Economic data point to recession
By Burton Frierson
Separately, the private Conference Board reported its forecasting gauge fell for the fifth straight month in February, bolstering the view that the economy has stalled and could face a contraction.
The Economic Cycle Research Institute, a New York-based independent forecasting group, added a further note of pessimism, saying the U.S. economy is "unambiguously" in a recession.
A government report showed that the number of U.S. workers filing initial claims for unemployment aid climbed 22,000 last week. The overall number on the benefit rolls rose to a 3 1/2 -year high a week earlier.
Factory activity in the mid-Atlantic region shrank for the fourth consecutive month in March, according to the Philadelphia Federal Reserve Bank's business activity index, which came in at minus 17.4 this month.
"The key message from this survey is that things are quite bad, but that sentiment has, so far, weakened further than hard activity," Ian Shepherdson, chief U.S. economist at High Frequency Economics, said about the report.
Even so, the index was up from February's dismal reading of minus 24.0. But it marked the longest streak of contractions since the February-to-May stretch of 2003.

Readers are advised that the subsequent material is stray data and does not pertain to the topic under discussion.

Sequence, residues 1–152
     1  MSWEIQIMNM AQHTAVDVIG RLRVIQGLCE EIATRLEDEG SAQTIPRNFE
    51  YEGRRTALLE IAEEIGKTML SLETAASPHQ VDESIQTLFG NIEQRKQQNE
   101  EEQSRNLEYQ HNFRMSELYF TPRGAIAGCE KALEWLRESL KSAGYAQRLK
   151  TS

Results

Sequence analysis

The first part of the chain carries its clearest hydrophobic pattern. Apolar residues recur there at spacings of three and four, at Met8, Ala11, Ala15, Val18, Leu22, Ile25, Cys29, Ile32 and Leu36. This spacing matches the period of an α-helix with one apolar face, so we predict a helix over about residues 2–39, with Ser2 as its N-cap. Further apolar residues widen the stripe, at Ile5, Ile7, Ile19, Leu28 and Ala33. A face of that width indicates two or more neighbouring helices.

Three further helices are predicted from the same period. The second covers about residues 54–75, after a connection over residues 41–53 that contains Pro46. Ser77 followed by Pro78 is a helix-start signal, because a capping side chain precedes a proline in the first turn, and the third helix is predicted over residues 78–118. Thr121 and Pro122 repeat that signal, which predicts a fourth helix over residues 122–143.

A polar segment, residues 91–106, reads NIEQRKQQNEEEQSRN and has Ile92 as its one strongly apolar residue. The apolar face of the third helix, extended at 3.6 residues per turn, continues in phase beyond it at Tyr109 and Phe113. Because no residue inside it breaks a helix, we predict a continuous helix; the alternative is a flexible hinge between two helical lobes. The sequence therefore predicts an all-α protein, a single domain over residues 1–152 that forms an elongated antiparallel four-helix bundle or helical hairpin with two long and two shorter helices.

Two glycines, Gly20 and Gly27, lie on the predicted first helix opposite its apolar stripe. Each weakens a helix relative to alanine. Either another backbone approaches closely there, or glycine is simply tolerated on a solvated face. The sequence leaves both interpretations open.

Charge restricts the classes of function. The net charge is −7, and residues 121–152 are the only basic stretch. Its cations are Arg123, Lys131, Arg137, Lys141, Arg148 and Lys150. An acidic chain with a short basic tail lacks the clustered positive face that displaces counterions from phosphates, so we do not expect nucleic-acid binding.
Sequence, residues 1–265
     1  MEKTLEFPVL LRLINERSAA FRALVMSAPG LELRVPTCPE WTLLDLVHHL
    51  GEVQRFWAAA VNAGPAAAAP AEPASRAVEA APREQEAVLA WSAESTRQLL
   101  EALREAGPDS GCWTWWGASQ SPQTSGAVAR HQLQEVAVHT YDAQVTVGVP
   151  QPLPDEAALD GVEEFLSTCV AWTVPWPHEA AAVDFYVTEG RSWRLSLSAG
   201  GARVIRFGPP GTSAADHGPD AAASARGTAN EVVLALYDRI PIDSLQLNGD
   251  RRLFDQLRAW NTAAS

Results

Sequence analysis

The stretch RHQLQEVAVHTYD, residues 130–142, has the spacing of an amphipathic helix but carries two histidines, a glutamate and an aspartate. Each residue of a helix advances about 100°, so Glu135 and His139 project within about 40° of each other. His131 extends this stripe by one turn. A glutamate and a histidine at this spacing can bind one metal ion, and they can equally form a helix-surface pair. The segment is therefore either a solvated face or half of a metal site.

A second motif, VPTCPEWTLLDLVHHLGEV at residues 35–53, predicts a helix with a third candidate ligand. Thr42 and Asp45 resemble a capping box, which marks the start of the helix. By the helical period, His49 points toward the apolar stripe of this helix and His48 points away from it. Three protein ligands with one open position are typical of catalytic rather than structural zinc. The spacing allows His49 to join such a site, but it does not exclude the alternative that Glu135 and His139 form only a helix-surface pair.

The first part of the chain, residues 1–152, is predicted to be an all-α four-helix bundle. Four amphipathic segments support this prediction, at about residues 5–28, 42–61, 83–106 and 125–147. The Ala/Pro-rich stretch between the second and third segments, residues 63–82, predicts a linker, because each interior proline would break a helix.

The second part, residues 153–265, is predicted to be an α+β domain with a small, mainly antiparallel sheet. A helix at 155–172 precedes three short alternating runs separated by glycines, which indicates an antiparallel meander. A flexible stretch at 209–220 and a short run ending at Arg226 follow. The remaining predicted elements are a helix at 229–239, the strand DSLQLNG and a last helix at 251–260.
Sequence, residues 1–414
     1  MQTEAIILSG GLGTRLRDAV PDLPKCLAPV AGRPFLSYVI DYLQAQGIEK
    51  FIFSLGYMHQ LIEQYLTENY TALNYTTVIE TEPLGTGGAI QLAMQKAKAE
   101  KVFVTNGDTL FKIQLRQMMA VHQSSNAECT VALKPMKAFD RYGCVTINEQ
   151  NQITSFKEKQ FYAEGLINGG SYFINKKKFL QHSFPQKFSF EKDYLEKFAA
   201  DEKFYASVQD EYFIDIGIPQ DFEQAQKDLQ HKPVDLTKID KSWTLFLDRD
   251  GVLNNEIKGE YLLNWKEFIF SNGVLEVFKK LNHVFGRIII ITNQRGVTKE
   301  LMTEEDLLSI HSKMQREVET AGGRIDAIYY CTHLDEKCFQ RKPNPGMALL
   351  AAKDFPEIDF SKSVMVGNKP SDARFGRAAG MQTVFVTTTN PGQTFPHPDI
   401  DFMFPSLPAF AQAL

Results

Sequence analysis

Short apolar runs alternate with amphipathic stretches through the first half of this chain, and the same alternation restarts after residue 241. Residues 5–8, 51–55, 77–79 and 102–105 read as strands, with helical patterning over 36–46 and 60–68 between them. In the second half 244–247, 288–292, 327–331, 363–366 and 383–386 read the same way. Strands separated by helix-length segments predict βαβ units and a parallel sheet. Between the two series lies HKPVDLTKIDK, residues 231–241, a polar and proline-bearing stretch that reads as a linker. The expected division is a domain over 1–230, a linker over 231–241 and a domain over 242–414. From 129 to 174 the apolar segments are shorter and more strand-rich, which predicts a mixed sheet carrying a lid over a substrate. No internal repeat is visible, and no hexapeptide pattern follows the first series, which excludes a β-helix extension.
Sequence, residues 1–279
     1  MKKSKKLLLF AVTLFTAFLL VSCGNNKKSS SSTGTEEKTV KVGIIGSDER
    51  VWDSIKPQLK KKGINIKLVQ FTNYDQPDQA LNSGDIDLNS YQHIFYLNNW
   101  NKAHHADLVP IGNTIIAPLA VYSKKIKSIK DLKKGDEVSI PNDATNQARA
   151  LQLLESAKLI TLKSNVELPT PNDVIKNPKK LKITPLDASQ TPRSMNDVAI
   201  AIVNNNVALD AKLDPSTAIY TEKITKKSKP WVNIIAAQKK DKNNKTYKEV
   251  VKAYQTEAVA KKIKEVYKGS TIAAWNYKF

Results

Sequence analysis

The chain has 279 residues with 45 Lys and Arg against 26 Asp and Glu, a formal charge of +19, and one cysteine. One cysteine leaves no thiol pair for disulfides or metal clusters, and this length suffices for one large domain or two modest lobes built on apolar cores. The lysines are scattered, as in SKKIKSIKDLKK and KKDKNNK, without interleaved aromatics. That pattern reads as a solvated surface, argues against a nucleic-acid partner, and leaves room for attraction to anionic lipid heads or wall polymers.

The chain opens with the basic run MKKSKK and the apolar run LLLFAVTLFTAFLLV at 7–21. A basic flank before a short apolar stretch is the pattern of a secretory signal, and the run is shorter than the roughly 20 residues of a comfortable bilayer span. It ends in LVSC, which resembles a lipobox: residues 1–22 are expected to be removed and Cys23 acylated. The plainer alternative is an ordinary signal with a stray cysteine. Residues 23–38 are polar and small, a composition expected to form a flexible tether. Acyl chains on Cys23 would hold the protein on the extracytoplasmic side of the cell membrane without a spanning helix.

The Conference Board said its leading economic indicators index fell 0.3%, meeting analyst expectations and coming after a 0.4% drop in January, which was originally reported as a 0.1% decline.
The last time the leading index worsened for five consecutive months was in 2001, during the last major U.S. recession, the board said.
The Labor Department's report suggested a further deterioration in the job market, although it said increases in first-time claims last week and the week before reflected, at least in part, an autoworker strike.
It said 378,000 initial claims for jobless benefits were filed in the week that ended Saturday, up from 356,000 the week before. Economists had expected a rise to just 360,000.
The increase pushed the four-week moving average, a gauge of underlying job-market health, to 365,250, the highest since October 2005 in the aftermath of Hurricane Katrina.
The number of idled workers who continued to draw benefits in the week that ended March 8, the latest week for which the data were available, increased 32,000 to 2.865 million. This was the highest reading since August 2004.
The Economic Cycle Research Institute said its weekly leading index fell to 130.8 in the week of March 14 from 132.1 in the previous week.